Created by Dr. John Cavadini, a Notre Dame Theology Professor, the purpose of this course is to provide a theological introduction to one of the core doctrines of the Christian faith, the doctrine of creation. The course:
- provides students with knowledge of the basic elements of the doctrine of creation as stated in the Catechism of the Catholic Church;
- introduces students to theological reflection on this doctrine, both ancient and contemporary, in order to acquire a better sense of the meaning and significance of this doctrine; and
- provides a sense of the richness of the tradition as a resource for catechists in their work of instructing others in the faith.
Week 1: The Doctrine of Creation in the Creed, Catechism and in Scripture
- The Importance of the Doctrine of Creation
- Genesis Chapter 1 and Scientific Accounts
- Genesis Chapter 1 as Mystery-filled Prose
- Genesis Chapter 1 in Ancient Traditions of Interpretation (Origen of Alexandria and St. Augustine)
- The Creator in the Bible
Week 2: Challenges to the Doctrine of Creation: The Problem of Evil
- The Power of God: A Mystery
- Creation as an Act of Divine Self-Limitation
- God's Apparent Powerlessness
- Creation in a "State of Journeying"
- Against "Deism"
- Against "Deism" Continued: Creation as a Work of the Holy Trinity
Week 3: Creation in Ancient Eastern Christian Tradition: St. Irenaeus
- An Ancient Critique: Gnosticism
- The Gnostic Myth
- Elements of a Reply
- St. Irenaeus
- St. Irenaeus on the True Knowledge of God
- Created Freedom
- Discipline and Healing
- Becoming Accustomed to Living with God
Week 4: Creation in Ancient Western Christian Tradition: St. Augustine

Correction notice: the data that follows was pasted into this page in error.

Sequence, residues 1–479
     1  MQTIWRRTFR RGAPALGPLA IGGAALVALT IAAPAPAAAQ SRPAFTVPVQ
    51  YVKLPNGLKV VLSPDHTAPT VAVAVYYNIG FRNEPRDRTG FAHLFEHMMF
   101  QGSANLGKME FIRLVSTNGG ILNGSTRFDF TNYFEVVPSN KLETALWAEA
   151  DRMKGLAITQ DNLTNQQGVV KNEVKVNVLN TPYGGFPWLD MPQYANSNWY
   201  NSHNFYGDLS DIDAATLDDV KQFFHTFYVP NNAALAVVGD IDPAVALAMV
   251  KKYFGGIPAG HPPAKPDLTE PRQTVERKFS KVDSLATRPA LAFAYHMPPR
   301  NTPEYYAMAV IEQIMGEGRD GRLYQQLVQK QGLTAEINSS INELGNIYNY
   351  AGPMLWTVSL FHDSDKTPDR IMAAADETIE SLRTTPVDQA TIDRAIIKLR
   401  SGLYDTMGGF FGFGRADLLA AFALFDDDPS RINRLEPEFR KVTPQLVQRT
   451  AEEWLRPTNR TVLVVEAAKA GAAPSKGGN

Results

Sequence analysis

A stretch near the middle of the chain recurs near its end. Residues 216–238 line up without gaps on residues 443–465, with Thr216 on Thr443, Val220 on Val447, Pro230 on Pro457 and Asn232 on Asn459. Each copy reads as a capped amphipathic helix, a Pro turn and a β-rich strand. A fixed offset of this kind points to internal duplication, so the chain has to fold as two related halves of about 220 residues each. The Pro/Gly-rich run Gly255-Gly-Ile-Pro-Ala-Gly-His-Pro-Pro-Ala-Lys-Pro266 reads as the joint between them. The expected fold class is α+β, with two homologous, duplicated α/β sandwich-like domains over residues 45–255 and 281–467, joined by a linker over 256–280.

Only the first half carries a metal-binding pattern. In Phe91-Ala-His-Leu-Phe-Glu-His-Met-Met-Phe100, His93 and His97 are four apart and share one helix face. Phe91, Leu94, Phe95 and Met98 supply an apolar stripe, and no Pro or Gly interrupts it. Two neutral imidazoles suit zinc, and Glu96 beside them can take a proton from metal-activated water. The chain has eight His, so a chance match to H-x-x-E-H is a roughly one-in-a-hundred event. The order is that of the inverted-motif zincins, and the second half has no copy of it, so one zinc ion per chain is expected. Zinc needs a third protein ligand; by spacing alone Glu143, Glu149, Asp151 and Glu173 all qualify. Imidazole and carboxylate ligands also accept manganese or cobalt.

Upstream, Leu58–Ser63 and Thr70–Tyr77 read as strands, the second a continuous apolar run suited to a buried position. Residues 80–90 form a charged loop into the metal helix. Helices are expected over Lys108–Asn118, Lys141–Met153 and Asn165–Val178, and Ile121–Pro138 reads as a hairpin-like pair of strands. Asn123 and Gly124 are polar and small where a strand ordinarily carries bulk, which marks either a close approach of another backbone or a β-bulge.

- Manichaeism and St. Augustine
- Basic Features of Augustine's Doctrine of Creation
- Before the Fall: The Original Created State of Humankind
- More on the Original Created State of Humankind
- The Fall: An "Inner" History
- The Consequences of Original Sin (Pride)
- God's Judgment on the Fallen
- Two Theologies of Creation: Which is Better?
Week 5: The Significance of the Doctrine of Creation in the Contemporary World
- What is "Reductionism?"
- Reductionism and Abstraction
- Reductionism and Mystery
- The Doctrine of Creation as the Grounds for the Mystery and Dignity of Creatures
- The Doctrine of Creation as Grounds for the Obligation to Preserve the Natural World
- God's Beloved Creation
- Is There any Empirical Evidence for the Doctrine of Creation?
- Created by Notre Dame Theology Professor.
- Six weeks in duration, with one week for orientation.
- Typically 15-20 students in each course.
- Material delivered by video player.
- All lecture text available online in course.
- Supplemental readings are provided to encourage further exploration of topic, internet links provided for all readings.
- Written assignments (150-200 words) required.
- Facilitator moderated chat sessions with students in course.
- All course materials are available online in the course.
- View or read the lecture for each unit.
- Read assigned texts; keep notes, questions, and comments for class discussion.
- Participate in the class discussion using the Forums area: post at least 2 comments, questions, or responses per unit.
- Write 150-200 words in response to the assignment in each unit.
- Participate in at least 3 scheduled chat sessions throughout the course.
- Complete the course evaluation.
4 to 6 hours per week, depending on your learning style and schedule.
A certificate of completion awarding 30 contact hours will be sent upon completion of all course requirements.